Table of contents

Chapter 1 Need for Overlays in Massive Scale Data Centers 1 Evolution of the Data Center 1 Changing Requirements of Data Centers 4 Data Center Architectures 6 CLOS 8 Fat-Tree 9 Single Fabric 9 Need for Overlays 10 Summary 15 References 15 Chapter 2 Introduction to Overlay Technologies 19 Overlay Technologies Overview 20 Cisco FabricPath 22 FabricPath Requirements 22 FabricPath Benefits 23 FabricPath Architecture 24 FabricPath Encapsulation 24 FabricPath Data Plane Operation 25 TRILL 26 TRILL Requirements 27 TRILL Frame Format 28 TRILL Data Plane Operation 28 Locator ID/Separator Protocol 30 LISP Frame Format 30 LISP Routing 30 VXLAN 32 VXLAN Frame Format 33 VXLAN Data Path Operation 34 NVGRE 35 NVGRE Frame Format 36 NVGRE Data Path Operation 36 Overlay Transport Virtualization 38 OTV Frame Format 39 OTV Operation 40 Provider Backbone Bridges (PBB) 41 Shortest Path Bridging 43 Shortest Path Bridging MAC 43 Shortest Path Bridging VID 45 Summary 47 References 47 Chapter 3 IS-IS 49 Introduction to IS-IS 49 Concepts 50 Neighbor Discovery 51 Topology Exchange 51 Flooding 51 Route Computation 52 Link State Protocol Scaling 52 Link State Protocol in a Local Area Network 53 IS-IS Architecture Details 55 TRILL and FabricPath Specific Changes in IS-IS 56 Overview of TRILL and FabricPath 57 IS-IS Frame Formats 58 Router Capability TLV 59 Multitopology-Aware Port Capability TLV 59 TRILL IS-IS Neighbor Discovery 59 TRILL HELLOs 60 P2P HELLOs 63 TRILL Neighbor TLV 64 Router Capability Sub-TLVs 64 Multitopology-Aware Port Capability Sub-TLVs 64 Area Address TLV 67 Protocols Supported TLV 67 TRILL and FabricPath Topology Exchange 67 Flooding 69 Nickname or SwitchID Resolution 70 Shortest Path Computation 71 Distribution Trees Computation 71 Pruning the Distribution Tree 74 ESADI 77 MAC Reachability TLV 78 Fine Grained Labeling 79 Pseudo Node 81 Multi Topology Routing 83 Summary 84 References 84 Additional Resources 84 Chapter 4 FabricPath 85 FabricPath Overview 86 FabricPath Architecture 87 Core and Edge 88 Addressing Concepts 89 VLANs 89 vPC+ 89 FabricPath Encapsulation 91 FabricPath Control Plane Protocols 93 IGMP Snooping in FabricPath Multicast Networks 96 FabricPath Dynamic Resource Allocation Protocol 97 Allocation of Resources by DRAP 97 FabricPath MAC Address Learning 98 Control Plane Learning 98 Data Plane Learning 98 FabricPath STP Interaction 102 Topology Change Notifications Forwarding 105 FabricPath Packet Forwarding 106 Broadcast: ARP Request 108 Unicast: ARP Reply 111 Unicast: Data 113 IP Multicast Forwarding 116 FabricPath Basic Configuration 119 FabricPath Benefits 121 Summary 122 References 122 Chapter 5 TRILL 123 Need for TRILL 124 Spanning Tree in Layer 2 Networks 124 Issues with Spanning Tree Protocol 126 Virtual Switching System 127 Giant Virtual Switch 128 Flat Network 129 Layer 3 Network 130 Concepts and Terminologies 130 RBridge 131 Appointed Forwarder 132 Addressing Concepts 133 TRILL Frame Format 134 TRILL Control Plane 136 Unicast 136 Multicast 137 Pruning 139 TRILL Data Plane 141 Unicast 141 Ingress RBridge Processing 141 Processing of TRILL Packets 143 Multidestination 143 Ingress Processing 144 Core and Egress Processing 146 Egress Processing 146 MAC Address Learning in TRILL-Based Networks 147 Dynamic Learning 147 Learning Through Control Protocols 147 Work in Progress 148 Multitopology Routing 148 Fine-Grained Labeling 149 Ingress RBridge 152 Core RBridge 152 Egress RBridge 152 Pseudo Node 152 Choosing a Pseudo Nickname 154 Multiple Distribution Trees per Member RBridge 156 Synchronization of MAC Addresses 158 Case Studies 159 Bidirectional Packet Flow 159 Traffic from H1 to H2 160 Traffic from H2 to H1 164 Packet Flow for Pseudo Node 167 Packet Originating from Host H1 170 Reverse Traffic from Host H2 to H1 172 Summary 174 References 174 Additional Resources 175 Chapter 6 VXLAN 177 VXLAN Overview 177 Advent of VXLAN 178 VXLAN Architecture 179 VXLAN Header Format 181 VXLAN Packet Forwarding 182 Broadcast: ARP Request 183 Unicast: ARP Reply 184 Unicast: Data 186 Unknown Unicast 187 VM Mobility Case 188 IPv6 Data Forwarding 190 NS Request and NA Response 191 VXLAN Gateway 192 Inter-VXLAN Communication 196 Layer 3 Multicast 198 Multicast-Less VXLAN 200 Floodless VXLAN Forwarding 203 VXLAN as a Network Overlay 205 Other VXLAN Considerations 207 VXLAN Basic Configuration 208 VXLAN Gateway Configuration 210 Summary 211 References 211 Chapter 7 FabricPath Deployment, Migration, and Troubleshooting 213 vPC 214 vPC Overview 214 vPC Terminology 215 vPC Benefits 216 vPC Deployment Scenarios 217 Double-Sided vPC 218 vPC Operations 219 vPC Traffic Flow 224 Cisco Fabric Services over Ethernet 225 vPC ARP Sync 225 vPC Peer Gateway 225 vPC Verification 227 vPC+ 231 vPC+ Overview 231 vPC+ Basics 232 vPC+ Basic Packet Flow 236 Active/Active HSRP Forwarding 238 FabricPath Topologies 241 Migration to FabricPath Network 242 Conversion from Classical Layer 2 to FabricPath Network 242 Conversion of vPC to vPC+ (Classical Ethernet to FabricPath) 244 Configuring vPC+ on Secondary Switch 246 Configuring vPC+ on Primary Switch 249 Conversion of Access Switch (Sw3) Connecting to Secondary (Sw2) to FabricPath 251 Converting Access Switch Sw3 Uplink Connecting to Sw1 to FabricPath 254 Monitoring and Troubleshooting in FabricPath Networks 257 Loopback Message 258 Path Trace Message 259 Multicast Trace Message 259 FabricPath OAM Configuration Model 261 Summary 270 References 270 Chapter 8 TRILL Deployment, Migration, and Troubleshooting 271 Introduction 271 TRILL Deployment 271 TRILL Between Access and Distribution 274 TRILL Core 274 Layer 2 Bridging Case 276 Layer 3 Routing Cases 277 Expanding the POD 285 TRILL Everywhere 286 Meshed Distribution with No Core 287 Link Aggregation or Pseudo-Node Deployments 287 CLOS Network Model 289 Migration Toward TRILL 290 TRILL and Spanning Tree 291 Appointed Forwarder Solution 292 Spanning Tree Solution 293 Bottom-up Migration Toward TRILL 296 Top-down Migration Toward TRILL 298 Monitoring and Troubleshooting in TRILL Networks 299 OAM Packet Format 300 Connectivity Verification 302 Path Tracing 303 TRILL Configuration Model 304 Summary 304 References 305 Chapter 9 Multi-Overlay Deployments 307 Overview 307 Case Study 1: TRILL or FabricPath Network with VXLAN to Virtualized Servers 309 Case Study 2: Data Center Interconnect Using OTV 315 Case Study 3: Interconnecting TRILL or FabricPath Data Centers Using OTV 321 Merging TRILL or FabricPath Networks 321 Independent TRILL or FabricPath Networks 323 Interconnection of TRILL and FabricPath Data Centers 325 Packet Flow 325 Summary 327 References 328 Index 329show more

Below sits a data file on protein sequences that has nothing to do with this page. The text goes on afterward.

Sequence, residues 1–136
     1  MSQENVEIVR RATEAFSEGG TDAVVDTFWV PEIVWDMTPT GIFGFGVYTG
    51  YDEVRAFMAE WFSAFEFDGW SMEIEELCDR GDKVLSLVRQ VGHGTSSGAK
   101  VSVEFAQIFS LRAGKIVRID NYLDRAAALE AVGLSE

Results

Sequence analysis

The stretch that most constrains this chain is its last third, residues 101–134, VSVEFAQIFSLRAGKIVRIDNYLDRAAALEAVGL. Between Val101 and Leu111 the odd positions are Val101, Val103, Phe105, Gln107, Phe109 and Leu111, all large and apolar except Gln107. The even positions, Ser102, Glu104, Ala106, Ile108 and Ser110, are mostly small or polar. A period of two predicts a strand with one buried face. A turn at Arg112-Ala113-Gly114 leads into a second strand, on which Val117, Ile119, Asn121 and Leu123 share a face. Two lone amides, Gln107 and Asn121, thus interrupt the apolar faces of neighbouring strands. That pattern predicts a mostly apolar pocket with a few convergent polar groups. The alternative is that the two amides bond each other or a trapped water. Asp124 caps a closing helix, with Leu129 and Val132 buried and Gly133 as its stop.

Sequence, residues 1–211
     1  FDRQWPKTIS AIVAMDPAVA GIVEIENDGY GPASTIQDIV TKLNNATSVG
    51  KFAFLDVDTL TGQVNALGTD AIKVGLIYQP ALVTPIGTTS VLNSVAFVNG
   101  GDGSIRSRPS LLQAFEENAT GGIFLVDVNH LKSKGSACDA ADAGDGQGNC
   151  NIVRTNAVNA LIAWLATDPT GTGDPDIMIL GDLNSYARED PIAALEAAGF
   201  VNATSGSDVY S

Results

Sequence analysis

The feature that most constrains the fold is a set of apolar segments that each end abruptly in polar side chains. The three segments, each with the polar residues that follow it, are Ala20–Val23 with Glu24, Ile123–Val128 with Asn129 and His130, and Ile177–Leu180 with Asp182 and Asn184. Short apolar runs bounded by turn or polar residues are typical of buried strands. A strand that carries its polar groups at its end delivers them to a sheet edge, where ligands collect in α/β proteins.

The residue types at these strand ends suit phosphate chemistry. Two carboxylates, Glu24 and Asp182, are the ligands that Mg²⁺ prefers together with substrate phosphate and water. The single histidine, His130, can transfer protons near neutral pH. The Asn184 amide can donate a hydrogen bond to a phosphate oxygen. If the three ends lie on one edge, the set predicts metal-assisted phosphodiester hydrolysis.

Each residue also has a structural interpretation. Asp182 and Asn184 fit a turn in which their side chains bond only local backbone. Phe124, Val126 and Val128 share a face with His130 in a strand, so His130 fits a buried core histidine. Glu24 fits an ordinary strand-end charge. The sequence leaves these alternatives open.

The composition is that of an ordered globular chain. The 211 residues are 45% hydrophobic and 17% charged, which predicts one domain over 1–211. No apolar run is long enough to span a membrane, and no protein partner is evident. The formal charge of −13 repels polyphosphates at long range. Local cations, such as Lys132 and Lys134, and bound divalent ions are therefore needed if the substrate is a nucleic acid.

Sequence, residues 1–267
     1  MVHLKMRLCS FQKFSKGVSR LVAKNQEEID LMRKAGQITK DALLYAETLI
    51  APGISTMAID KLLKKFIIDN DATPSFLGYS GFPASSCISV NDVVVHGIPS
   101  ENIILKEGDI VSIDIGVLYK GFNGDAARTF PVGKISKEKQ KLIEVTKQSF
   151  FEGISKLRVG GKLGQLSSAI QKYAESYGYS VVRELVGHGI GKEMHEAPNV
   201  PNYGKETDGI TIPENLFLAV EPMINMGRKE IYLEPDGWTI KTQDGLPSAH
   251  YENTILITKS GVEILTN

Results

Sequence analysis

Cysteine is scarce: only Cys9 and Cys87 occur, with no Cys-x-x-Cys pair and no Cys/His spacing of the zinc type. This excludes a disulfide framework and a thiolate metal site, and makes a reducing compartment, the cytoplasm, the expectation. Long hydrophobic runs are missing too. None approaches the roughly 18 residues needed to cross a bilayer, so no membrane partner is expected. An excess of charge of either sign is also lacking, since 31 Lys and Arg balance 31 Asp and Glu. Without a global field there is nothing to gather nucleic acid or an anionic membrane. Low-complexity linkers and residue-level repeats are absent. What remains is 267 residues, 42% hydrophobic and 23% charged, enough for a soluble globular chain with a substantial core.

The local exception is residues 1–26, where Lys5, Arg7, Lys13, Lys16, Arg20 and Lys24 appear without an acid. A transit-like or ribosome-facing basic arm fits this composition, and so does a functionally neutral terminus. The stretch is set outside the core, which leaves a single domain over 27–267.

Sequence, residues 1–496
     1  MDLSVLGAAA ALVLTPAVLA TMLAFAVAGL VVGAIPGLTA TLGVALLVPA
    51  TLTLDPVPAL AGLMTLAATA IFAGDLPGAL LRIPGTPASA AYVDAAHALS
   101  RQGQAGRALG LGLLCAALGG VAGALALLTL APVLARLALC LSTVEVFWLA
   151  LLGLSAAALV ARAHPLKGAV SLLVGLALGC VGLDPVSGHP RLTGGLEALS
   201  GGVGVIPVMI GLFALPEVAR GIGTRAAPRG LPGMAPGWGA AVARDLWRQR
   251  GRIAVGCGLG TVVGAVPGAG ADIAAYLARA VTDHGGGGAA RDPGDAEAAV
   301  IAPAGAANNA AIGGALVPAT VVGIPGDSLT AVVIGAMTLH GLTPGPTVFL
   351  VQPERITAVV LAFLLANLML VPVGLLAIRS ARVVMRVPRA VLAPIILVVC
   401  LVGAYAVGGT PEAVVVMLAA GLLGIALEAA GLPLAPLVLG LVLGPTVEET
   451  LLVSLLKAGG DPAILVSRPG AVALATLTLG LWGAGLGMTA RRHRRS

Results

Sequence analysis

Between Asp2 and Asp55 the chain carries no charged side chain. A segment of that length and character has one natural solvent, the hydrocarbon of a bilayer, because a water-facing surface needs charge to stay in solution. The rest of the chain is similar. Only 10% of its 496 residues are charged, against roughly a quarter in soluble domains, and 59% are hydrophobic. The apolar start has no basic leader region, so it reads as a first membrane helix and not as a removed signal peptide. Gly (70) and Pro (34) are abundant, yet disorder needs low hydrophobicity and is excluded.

Rating details

3 ratings
4 out of 5 stars
5 33% (1)
4 33% (1)
3 33% (1)
2 0% (0)
1 0% (0)
Book ratings by Goodreads
Goodreads is the world's largest site for readers with over 50 million reviews. We're featuring millions of their reader ratings on our book pages to help you find your new favourite book. Close X